Sunrise at the Swellengrebel Airfield
The Swellengrebel Flying Club fly-in is a popular event in the southern part of SA, customary being held on the 1st weekend of March each year. This year it was moved to the 1st weekend of April, to combine with the Sports Aerobatics Club Western Cape Regional competition.
A view of some of the attending aircraft
It sometimes looked like an RV fly-in
Even though fairly well advertised force of habit got at least one lonely soul (no names, no pack drill) to attend this event twice this year as he flew in all ready for a weekend of fun on the old date. Not being fazed by a busy schedule he was back a month later to enjoy this great event. How is that for dedication?
As some aerobatic contestants have not flown their aircraft in anger for some time, the skies over the airfield were buzzing from early in the week. Flying at the Swellengrebel Airfield is rather tricky as the field borders the Bontebok Park on 3 sides and overflying the Park is not recommended, except for take-offs and landings. Due to the park there is only one place for the aerobatics box, to the north east of the field, with one edge along the runway. This meant more than half the aerobatic box was on private farm land. Due to the owner of the land denying access to the judges, and even had an issue with placing the markers, the judge's task was very difficult as they had to stare into the sun for two days.
Nigel's office in the Extra 330SC
To address this problem somewhat the program were timed according to the best sun heights. Helm Ludwig must specially be commended as he was staring into the sun for nearly a week, critting and commenting on the practice flights of the contestants. Much interest was directed at Nigel Hopkins and his new aircraft, an Extra 330SC. Nigels MX2 was destroyed last year during a practice flight for the World Aerobatics in France. Having received the aircrafts paperwork from the CAA only days before the event, he did not get any time to acquaint himself with the Extras aerobatic behaviour before the event. His time in the aircraft was so limited that the flight down to Swellendam had to be used to run in the engine.
Nigel taking-off in his Extra 330SC
Looking at the results of his unknown sequences, and listening to his comments to Mark Hensman after his first practice flight, it seems Nigel is more than happy with his new aircraft. He noted some areas where it is different to the MX2, but nothing that some practice cannot sort out. With Nigel having a ride again (or does one call it a fly?), Team Extreme once again took to the skies when Nigel and Mark Hensman gave a great display of precision flying on Friday and Saturday.
Team Extreme, Nigel Hopkins and Mark Hensman, give a display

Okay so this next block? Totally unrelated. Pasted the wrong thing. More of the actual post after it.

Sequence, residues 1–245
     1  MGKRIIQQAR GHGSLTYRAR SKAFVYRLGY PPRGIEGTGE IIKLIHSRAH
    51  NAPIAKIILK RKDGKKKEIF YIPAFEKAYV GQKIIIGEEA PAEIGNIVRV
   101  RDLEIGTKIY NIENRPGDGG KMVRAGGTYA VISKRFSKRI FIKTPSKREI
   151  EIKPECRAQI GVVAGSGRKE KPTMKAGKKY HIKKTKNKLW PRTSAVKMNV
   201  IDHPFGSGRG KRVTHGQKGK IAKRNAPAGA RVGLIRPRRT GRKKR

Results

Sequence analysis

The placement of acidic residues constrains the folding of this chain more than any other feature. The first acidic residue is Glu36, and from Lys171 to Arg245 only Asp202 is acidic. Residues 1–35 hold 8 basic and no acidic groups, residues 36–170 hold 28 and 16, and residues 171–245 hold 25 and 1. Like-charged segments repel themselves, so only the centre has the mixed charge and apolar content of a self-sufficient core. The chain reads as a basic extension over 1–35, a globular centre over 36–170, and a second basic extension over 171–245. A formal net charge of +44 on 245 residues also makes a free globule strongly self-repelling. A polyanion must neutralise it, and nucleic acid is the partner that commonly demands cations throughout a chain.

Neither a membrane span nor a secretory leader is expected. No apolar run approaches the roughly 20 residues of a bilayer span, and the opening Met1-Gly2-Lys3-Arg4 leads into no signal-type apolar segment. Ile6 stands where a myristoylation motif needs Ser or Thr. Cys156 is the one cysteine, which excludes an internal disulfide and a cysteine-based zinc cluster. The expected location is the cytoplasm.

The first non-aerobatic aircraft started arriving on Thursday and a fair amount of aircraft visited over the course of the weekend. A few fly-in visitors flew in from the Eastern Cape and a great many from the Peninsula, even though the weather in the Cape was not ideal, sometimes impossible, for flying.
Mark Hensman in the MX2 making an inverted passed for the spectators
Mark Sampson taking off in the MX2
In the past the Swellengrebel Flying Club hosted a mini airshow as part of the fly-in, but with escalating cost this has been stopped a few years ago. It was thus great to see that the marriage with the aerobatic contest made for a fair share of local enthusiasts visiting by ground transport. As always there were food and drink a plenty. A jumping castle was provided for the kids to keep them occupied while Mom and Dad enjoyed the flying and there were some light musical entertainment on Saturday night.
Camping at the field
Ex SAAF Cessna 185. Tail number 732, owned by Dr Noel Pharoah of the Swellengrebel Flying Club
A beautiful Cessna 170 all the way from the Eastern Cape
Gyrocopter fleet from Morningstar Airfield
The club always encourage people to stay over at the field as great ablution facilities are available, and this year a sizable tent camp was visible next to the clubhouse.
As an aerobatics competition can be very confusing to the man in the street, Cliff Lotter conned non-competing aerobatic pilot, Harry de Villiers into playing commentator, a task which was well performed.
Harry de Villiers, commentator
Results for the Western Cape Regional Championships of SAC:
RV Class: First, Walter Goodrich RV 7. Second, Alan Fergus RV 8. Third, Johan Ferreira RV 8.
Johan Ferreira, RV competitor, taking off for his sequence
Sportsman Class: First, Iain Fergusson Sbach. Second, Conrad Botha Slick 360. Third, Markku Torppa Zlin 50.
Andrew Blackwood-Murray doing an engine run-up in the Zlin 50
Intermediate Class: First, Cliff Lotter Zlin 50. Second, Andrew Blackwood-Murray Zlin 50.
Advanced Class: Fist, Leigh Le Gonidec Sbach.
Unlimited Class: First, Nigel Hopkins Extra 330 SC. Second, Mark Hensman MX2. Third, Mark Sampson MX2.
Nigel Hopkins with his Extra 330SC
Contest Director: Helm Ludwig assisted by Cliff Lotter. Judges: John Gaillard (Chief judge), Quintin Hawthorne, and Helm Ludwig. Scoring Director: Yvonne van Zandwijk. (More detailed results is available at www.aerobatics.co.za
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